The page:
Kesey had on the nation and the promotion of psychedelics. Kesey persists in his

own life to take on new challenges, confident in his ability to change things to

the way that suits him. Ken Kesey’s works all relate to the early American ideal

of being able to come to a completely new place and take control. Taming the

wild and rugged environment and making it adjust to one’s desires was an

important part in his characters’ lives. In Cuckoo’s Nest McMurphy could end the

Big Nurse’s control and live his own way. Like McMurphy, In Great Notion, Hank

and Joe Ben do tame the wilderness but pay a severe price for it. In Garage

Sale, Kesey portrays his own journey to lead the nation to new psychedelic

stages of consciousness. In Acid Test, Kesey’s road trip across the United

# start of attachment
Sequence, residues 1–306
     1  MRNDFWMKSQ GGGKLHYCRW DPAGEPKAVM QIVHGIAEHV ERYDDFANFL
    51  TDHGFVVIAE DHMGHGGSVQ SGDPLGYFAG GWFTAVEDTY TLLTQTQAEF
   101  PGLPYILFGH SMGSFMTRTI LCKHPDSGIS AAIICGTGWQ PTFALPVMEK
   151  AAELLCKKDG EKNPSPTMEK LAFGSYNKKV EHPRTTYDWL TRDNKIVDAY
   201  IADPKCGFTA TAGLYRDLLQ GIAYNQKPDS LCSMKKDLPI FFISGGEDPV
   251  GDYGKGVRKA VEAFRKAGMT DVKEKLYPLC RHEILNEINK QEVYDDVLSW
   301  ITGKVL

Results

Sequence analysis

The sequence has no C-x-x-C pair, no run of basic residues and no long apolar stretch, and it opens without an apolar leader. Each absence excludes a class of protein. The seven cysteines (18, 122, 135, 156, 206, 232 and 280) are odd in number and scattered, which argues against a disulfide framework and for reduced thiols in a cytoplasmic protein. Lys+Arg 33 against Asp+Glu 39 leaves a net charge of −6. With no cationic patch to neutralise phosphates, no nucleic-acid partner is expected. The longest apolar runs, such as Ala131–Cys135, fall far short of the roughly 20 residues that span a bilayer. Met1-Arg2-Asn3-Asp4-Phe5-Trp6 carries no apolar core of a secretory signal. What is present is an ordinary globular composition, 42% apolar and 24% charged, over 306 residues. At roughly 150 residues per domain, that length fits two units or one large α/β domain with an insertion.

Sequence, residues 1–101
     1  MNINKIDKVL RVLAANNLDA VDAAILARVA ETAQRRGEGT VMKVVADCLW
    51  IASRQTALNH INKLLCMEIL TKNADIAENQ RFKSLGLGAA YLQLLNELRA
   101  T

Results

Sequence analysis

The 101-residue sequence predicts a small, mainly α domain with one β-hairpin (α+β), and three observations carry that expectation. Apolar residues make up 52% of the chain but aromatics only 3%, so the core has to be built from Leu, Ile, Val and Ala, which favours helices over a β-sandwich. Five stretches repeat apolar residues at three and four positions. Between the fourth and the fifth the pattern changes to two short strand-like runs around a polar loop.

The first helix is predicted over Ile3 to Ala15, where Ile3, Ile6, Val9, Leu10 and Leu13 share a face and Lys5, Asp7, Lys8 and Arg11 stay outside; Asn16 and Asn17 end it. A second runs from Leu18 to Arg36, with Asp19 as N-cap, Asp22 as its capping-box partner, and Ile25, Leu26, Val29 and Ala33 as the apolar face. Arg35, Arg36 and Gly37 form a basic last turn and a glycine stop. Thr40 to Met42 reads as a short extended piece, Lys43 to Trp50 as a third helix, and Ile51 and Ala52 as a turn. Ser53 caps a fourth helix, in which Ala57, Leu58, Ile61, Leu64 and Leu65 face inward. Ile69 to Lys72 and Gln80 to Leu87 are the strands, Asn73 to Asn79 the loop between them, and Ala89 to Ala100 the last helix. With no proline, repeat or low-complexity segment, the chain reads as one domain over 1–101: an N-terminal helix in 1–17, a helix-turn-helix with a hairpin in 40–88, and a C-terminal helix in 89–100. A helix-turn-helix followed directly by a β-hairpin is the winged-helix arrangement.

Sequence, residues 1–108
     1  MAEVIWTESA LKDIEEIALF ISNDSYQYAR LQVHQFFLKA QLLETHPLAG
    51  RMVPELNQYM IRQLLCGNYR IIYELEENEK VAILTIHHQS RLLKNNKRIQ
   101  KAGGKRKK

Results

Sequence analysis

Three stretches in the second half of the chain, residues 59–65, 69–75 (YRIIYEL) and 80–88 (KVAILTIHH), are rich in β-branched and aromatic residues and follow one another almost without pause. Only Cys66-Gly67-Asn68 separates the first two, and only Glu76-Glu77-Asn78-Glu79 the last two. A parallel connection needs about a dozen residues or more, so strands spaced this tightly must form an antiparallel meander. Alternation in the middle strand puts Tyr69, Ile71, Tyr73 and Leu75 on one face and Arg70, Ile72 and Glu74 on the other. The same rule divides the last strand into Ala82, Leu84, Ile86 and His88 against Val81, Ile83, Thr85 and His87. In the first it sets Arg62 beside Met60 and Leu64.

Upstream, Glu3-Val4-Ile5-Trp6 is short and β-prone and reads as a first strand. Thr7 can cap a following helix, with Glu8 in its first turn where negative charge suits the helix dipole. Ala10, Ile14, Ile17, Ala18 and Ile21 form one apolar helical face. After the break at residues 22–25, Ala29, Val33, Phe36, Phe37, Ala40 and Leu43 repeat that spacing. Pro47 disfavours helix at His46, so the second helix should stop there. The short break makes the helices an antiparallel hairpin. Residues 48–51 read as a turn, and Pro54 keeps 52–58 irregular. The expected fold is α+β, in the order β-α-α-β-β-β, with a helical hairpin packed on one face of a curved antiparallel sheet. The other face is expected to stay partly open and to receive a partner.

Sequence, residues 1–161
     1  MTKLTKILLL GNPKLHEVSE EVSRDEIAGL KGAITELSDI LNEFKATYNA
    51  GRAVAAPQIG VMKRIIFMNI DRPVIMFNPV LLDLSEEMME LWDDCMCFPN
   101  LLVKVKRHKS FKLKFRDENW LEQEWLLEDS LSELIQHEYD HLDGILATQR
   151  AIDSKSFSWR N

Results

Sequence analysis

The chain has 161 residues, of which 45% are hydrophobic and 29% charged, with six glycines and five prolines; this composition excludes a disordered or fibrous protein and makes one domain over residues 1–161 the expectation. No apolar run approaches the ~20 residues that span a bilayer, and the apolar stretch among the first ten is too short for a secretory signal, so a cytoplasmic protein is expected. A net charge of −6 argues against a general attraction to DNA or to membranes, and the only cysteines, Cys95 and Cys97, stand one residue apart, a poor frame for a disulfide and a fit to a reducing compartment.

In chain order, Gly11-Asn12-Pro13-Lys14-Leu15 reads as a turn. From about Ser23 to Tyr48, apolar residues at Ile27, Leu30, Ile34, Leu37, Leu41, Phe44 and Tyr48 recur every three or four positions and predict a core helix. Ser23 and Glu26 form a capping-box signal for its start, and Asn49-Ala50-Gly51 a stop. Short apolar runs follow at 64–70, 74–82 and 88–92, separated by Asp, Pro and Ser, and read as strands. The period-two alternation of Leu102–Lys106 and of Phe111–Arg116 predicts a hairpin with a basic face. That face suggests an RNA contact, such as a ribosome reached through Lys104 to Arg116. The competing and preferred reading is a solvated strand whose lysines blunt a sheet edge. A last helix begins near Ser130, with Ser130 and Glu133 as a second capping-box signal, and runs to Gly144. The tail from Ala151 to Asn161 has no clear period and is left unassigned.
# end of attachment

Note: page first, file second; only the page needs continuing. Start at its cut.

States shows his determination and ability to lead people to new phases in

history and his confidence in achieving his goal. He says: It’s the same old

wilderness, just no longer up on that hill or around that bend, or in that

gully. It’s because there are no more hills and gullies that hollow is there,

and you’ve got to explore the hollow with faith. If you don’t have faith that

there is something down there, pretty soon when you’re in the hollow, you begin

to get scared and start shaking…. Real warriors like William Burroughs or

Leonard Cohen or Wallace Stevens examine the hollow as well as anybody; they get

in there, look far into the dark, and yet come out with poetry. (qtd. in Faggen

24) Ken Kesey continues to illustrate the American ideal of conquering new

territory and transforming it into the way that suits them best. He shows how

important determination to take the dominating role affects Americans lives. He

is an author of the Beatnik generation and throughout his lifetime made

significant social contributions. He led the country from Beats to Hippies with

his influence through psychedelic drugs.